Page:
On March 30, we usually celebrate World Apitherapy Day at our house by eating fried drone brood seasoned with dandelion pollen and buckwheat honey while receiving a few intentional bee stings on our finger tips. What a fun day!
I first learned about apitherapy when I was 17. We had 300 hives scattered around the county. The bees were my job, assigned to me by my father who had enough other farm work to manage. Twenty of those colonies were on the edge of an abandoned hay field. In the fall, when I delivered honey/rent to the landowner, he told me that our bees had been stinging him. Of course, I felt awful. But the bees were a couple hundred yards from the old guys’ house so I was puzzled. “No, not your fault, don’t move them!” He explained that almost every day he trudged across the field to take a sting on his elbow. He said it had cured his annoying rheumatism. I’d never heard of such a thing before. The bees were practicing medicine and I didn’t have a clue about it.
Well, today is World Apitherapy Day. It’s celebrated on March 30 because it’s my birthday. And, coincidentally, Filip Terč, the Father of Modern Apitherapy, shares the date. He was born March 30 1844, and I was not, so we are not the twins most people think we are. And my sporadically produced blog is more current than his.
Terč spent much of his scientific career in Maribor, Slovenia, exploring the benefits of bee-sting therapy on patients with rheumatoid arthritis and other disorders. He published his results in 1888 in a Vienna medical journal. This was the first modern scientific account of apitherapy.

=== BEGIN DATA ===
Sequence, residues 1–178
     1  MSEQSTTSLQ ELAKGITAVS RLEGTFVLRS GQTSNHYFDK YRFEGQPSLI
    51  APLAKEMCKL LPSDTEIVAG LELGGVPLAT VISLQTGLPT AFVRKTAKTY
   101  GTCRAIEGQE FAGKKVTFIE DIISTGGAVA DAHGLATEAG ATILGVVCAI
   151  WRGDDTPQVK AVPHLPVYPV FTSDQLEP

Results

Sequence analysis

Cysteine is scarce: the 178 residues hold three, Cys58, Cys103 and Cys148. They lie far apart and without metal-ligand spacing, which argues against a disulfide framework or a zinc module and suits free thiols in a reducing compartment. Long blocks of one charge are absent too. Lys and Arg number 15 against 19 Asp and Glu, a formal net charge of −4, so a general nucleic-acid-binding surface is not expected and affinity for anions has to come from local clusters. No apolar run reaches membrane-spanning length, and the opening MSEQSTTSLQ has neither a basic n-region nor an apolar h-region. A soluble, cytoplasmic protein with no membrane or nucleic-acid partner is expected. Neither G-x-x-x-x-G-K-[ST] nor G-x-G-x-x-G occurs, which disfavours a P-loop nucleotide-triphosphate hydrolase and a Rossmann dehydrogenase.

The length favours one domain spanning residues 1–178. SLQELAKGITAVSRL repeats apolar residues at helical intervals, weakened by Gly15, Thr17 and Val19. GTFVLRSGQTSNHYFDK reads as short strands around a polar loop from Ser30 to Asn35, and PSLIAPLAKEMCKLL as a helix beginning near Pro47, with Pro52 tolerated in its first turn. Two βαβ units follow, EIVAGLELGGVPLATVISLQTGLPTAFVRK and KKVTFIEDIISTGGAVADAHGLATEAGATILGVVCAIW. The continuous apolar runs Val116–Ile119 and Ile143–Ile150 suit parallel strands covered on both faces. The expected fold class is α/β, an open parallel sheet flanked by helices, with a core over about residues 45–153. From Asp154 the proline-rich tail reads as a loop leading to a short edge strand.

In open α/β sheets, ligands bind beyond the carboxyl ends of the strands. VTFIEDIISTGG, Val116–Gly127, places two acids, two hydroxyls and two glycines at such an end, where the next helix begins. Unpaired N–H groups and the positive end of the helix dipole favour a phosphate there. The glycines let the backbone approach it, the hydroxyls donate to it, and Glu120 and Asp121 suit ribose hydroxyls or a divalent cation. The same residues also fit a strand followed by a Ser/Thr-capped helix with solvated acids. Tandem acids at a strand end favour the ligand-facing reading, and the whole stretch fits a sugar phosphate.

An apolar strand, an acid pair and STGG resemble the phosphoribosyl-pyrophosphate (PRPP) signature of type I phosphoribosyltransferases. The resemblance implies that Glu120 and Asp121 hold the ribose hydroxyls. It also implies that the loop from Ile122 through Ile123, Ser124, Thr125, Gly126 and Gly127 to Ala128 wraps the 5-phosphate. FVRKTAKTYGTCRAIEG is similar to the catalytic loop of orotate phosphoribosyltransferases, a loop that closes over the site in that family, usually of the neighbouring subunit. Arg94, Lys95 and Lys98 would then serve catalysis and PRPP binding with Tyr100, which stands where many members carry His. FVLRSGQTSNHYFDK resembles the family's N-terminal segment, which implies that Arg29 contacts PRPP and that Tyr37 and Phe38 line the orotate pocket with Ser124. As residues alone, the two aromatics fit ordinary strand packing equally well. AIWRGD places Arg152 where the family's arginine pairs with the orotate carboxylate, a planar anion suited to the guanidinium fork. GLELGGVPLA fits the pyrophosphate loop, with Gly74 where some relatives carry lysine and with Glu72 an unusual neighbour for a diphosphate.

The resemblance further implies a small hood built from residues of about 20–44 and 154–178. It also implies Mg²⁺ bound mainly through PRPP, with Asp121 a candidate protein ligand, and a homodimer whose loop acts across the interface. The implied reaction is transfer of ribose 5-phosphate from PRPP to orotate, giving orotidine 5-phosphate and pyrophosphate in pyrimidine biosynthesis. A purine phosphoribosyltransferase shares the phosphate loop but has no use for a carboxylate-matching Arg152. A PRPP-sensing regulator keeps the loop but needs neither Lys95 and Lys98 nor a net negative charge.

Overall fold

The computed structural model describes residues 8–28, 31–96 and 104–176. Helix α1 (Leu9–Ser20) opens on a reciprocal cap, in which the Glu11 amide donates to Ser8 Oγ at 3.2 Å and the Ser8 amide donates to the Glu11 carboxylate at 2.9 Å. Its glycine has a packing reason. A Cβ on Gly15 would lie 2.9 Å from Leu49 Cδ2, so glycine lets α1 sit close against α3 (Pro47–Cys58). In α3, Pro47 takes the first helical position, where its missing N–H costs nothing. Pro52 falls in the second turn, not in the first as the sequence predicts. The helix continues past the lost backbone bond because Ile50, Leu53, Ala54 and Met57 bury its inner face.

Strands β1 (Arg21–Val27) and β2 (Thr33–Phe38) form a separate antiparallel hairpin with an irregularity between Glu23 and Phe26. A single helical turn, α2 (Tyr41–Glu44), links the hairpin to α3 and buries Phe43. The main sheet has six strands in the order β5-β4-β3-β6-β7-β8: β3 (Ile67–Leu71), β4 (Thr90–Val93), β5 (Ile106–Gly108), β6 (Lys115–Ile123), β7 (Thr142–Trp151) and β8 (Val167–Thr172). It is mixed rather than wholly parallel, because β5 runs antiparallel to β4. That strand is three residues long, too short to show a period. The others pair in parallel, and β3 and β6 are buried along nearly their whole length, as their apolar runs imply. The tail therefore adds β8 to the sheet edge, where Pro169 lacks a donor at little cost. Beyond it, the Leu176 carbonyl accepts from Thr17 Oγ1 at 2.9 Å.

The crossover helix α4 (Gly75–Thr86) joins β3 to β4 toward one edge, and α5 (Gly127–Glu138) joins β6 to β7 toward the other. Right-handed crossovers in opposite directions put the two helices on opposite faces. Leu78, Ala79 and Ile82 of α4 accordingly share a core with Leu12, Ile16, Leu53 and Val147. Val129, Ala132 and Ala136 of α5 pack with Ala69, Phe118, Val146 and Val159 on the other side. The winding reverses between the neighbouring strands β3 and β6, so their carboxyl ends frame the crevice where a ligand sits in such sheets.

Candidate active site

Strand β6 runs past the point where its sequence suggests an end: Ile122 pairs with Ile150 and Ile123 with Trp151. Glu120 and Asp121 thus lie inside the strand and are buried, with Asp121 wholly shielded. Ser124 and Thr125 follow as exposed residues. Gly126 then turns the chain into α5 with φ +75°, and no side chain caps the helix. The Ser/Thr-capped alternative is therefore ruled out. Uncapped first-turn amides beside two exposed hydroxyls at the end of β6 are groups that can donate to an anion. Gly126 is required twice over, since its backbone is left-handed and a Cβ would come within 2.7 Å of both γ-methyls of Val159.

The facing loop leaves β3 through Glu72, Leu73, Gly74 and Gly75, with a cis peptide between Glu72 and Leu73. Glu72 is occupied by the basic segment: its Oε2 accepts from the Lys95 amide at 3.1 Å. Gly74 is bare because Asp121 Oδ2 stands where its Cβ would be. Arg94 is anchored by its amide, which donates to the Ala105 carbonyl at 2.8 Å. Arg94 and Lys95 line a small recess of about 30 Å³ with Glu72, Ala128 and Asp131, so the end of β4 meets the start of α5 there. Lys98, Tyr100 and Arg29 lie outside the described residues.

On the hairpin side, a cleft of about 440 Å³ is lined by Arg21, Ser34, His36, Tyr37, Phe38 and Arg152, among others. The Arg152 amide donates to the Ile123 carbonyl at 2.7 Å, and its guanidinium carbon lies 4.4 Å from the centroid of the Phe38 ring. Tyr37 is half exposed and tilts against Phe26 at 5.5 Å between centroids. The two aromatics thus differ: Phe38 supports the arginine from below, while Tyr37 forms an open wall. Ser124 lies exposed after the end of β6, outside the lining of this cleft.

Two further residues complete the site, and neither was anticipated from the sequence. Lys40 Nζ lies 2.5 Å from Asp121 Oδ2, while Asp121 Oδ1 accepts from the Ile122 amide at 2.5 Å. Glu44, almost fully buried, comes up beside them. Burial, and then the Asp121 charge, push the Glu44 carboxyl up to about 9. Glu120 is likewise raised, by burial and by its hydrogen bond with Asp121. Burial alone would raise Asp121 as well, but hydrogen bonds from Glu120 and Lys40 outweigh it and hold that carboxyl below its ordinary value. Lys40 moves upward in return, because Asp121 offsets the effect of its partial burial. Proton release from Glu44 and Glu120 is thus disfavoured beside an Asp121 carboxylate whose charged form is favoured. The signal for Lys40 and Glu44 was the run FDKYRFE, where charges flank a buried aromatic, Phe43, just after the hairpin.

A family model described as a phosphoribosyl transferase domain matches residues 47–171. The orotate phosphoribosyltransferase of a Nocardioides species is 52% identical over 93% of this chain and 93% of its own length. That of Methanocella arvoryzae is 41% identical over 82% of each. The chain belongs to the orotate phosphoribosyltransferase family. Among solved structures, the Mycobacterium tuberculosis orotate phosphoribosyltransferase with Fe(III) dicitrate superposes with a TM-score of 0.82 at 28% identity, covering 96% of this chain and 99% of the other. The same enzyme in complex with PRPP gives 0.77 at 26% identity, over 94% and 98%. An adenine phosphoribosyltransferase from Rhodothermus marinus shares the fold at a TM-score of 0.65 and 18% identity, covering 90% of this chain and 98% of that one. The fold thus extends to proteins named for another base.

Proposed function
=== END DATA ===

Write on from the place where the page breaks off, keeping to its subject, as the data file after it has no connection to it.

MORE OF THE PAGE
That’s Filip Terč glaring at you adjacent to this sentence. Terč was born in a remote Czech village in western Bohemia, but ended up in Slovenia where he worked as a physician. As a young man, he suffered badly from rheumatoid pain until, at age 22, he was accidentally stung by an aggressive mob of irritated honey bees. It changed his life. The pain was gone.
Terč began a serious study of the effects of bee venom therapy. He published the world’s first article on the clinical trials of bee sting therapy, the 1888 paper “Report on the Peculiar Connection between Bee Stings and Rheumatism”. He presented the results of his treatment of 680 patients with the collective application of 39,000 stings. 82% showed a complete cure, 15% had a partial recovery, while 3% had no relief from their rheumatoid condition. Those are an impressive number of trials and very impressive results.
His work was published 130 ago. His results have not been disputed, but the medical profession was slow at accepting the link between rheumatism, auto-immune dysfunctions, and bee venom. With the rise in cases of immune disorders (ranging from multiple sclerosis to lupus to allergies), the use of apitherapy treatments are becoming more widely available. If you’d like to learn more, there is a great collection of materials at the Bees for Life: World Apitherapy Network website.